Background Fatigue is reported to be a common symptom in people with inflammatory rheumatic diseases. It is a complex symptom, characterized by an individual interplay of biopsychosocial factors that has been associated with factors like inflammation, deconditioning, sleep problems, decreased function, pain and psychosocial factors like depression.
Objectives The main objective was to contribute to improved coping and quality of life in people with inflammatory rheumatic disease and fatigue. Cognitive therapy is one of the common psychological interventions used in the rehabilitation of people with rheumatic diseases and fatigue. The current intervention was developed as a supplement to medical treatment to strengthen coping and quality of life, and reducing fatigue, depression and pain.
Methods People with inflammatory rheumatic diseases and fatigue were recruited for 6–9 sessions of cognitive therapy sessions, in addition to treatment as usual at a rheumatology outpatient clinic in Norway. The intervention aimed at reducing fatigue, depression and pain, consisted of four main elements; understanding fatigue, assessment and activity planning, mental and cognitive self-help skills. The project was developed, and data collected at the rheumatology outpatient clinic at Diakonhjemmet Hospital in 2014–2016.
Results This pilot project recruited 40 people with inflammatory rheumatic disease from a rheumatologic outpatient clinic in Norway. Participants had a disease duration of mean 14 years, they were mainly women (n=36) with a mean age of 45 (Standard Deviation =10) years (Table 1). Repeated ANOVA analyses and Paired t-tests showed promising statistically significant changes on a group level for fatigue and depression, not for pain (Table 2).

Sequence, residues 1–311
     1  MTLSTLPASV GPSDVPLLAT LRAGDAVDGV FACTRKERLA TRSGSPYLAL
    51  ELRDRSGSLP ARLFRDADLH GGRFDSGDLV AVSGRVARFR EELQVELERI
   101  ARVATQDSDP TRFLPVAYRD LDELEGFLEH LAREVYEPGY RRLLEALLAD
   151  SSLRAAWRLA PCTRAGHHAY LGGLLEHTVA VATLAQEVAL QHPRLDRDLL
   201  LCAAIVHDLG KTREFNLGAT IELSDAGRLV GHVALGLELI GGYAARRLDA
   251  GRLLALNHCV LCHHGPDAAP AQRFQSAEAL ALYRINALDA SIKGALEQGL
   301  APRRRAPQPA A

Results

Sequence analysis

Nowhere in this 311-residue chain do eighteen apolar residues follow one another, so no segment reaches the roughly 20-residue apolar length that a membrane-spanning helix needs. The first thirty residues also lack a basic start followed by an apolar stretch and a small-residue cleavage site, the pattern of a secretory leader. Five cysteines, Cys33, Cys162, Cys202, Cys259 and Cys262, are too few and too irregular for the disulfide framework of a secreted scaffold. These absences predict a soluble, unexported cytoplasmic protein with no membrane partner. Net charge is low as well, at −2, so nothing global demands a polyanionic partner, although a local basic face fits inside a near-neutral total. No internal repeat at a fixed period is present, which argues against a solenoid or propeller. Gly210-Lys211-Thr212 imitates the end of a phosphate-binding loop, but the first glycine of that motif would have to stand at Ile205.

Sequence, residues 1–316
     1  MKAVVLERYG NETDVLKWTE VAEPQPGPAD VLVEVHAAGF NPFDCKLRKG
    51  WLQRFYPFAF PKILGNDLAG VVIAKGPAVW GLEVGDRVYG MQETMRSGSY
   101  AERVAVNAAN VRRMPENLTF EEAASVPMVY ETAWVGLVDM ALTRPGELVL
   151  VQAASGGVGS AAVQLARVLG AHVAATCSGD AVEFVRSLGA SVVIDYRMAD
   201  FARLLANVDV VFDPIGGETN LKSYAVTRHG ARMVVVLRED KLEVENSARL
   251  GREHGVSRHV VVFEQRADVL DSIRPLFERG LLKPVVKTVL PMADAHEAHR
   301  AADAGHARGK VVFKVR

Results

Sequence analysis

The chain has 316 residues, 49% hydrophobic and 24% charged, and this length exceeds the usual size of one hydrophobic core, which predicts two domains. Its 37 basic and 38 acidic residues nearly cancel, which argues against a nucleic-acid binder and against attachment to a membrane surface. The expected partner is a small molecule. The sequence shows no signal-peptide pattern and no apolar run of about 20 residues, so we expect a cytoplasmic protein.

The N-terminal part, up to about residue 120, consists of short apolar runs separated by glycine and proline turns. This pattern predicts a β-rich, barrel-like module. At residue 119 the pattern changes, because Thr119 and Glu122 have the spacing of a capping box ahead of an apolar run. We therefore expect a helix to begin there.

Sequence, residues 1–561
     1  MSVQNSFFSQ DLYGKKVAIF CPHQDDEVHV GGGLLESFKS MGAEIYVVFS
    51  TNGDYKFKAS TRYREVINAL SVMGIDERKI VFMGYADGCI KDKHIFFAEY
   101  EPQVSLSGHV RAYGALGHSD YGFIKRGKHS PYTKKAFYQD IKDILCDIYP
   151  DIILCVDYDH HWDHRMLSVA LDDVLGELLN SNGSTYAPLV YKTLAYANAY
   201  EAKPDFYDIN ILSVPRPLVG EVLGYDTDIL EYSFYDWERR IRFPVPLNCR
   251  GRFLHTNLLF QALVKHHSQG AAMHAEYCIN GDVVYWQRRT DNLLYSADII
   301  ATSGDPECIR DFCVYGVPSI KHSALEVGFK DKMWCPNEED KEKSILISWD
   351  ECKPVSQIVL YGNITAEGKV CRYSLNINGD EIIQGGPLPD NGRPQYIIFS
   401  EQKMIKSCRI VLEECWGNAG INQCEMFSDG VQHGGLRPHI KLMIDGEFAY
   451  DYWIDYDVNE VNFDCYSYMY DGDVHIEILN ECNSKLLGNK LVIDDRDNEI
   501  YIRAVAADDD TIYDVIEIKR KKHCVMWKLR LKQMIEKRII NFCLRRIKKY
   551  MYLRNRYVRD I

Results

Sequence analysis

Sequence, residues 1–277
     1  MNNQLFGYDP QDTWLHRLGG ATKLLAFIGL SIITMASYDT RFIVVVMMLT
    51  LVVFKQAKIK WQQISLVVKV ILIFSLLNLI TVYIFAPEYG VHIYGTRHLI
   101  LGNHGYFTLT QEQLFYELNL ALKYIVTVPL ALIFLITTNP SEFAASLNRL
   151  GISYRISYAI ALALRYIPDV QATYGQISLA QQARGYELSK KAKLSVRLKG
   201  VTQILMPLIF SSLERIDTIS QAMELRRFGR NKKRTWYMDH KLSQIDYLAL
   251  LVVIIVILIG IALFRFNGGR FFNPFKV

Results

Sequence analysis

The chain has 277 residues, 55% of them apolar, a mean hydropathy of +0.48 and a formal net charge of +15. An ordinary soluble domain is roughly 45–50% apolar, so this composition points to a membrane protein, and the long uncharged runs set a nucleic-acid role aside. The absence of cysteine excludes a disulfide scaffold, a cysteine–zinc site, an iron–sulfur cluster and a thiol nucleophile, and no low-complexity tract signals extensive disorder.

Conclusions This pilot project supports the idea of conducting a trial on the effectiveness of a brief cognitive therapy intervention for people with inflammatory rheumatic diseases and fatigue. ANOVA analyses and Paired t-tests showed promising statistically significant changes on a group level for fatigue and depression, but not for pain, whether these changes are clinically meaningful, and if there is a difference, compared to treatment as usual remains to be explored.
Acknowledgements This project would not have been possible without the support from the national patient organization, through a grant from the Norwegian ExtraFoundation for Health and Rehabilitation. We acknowledge patients who contributed to this project and the staff at the rheumatological outpatient clinic at Diakonhjemmet Hospital.
Disclosure of Interest None declared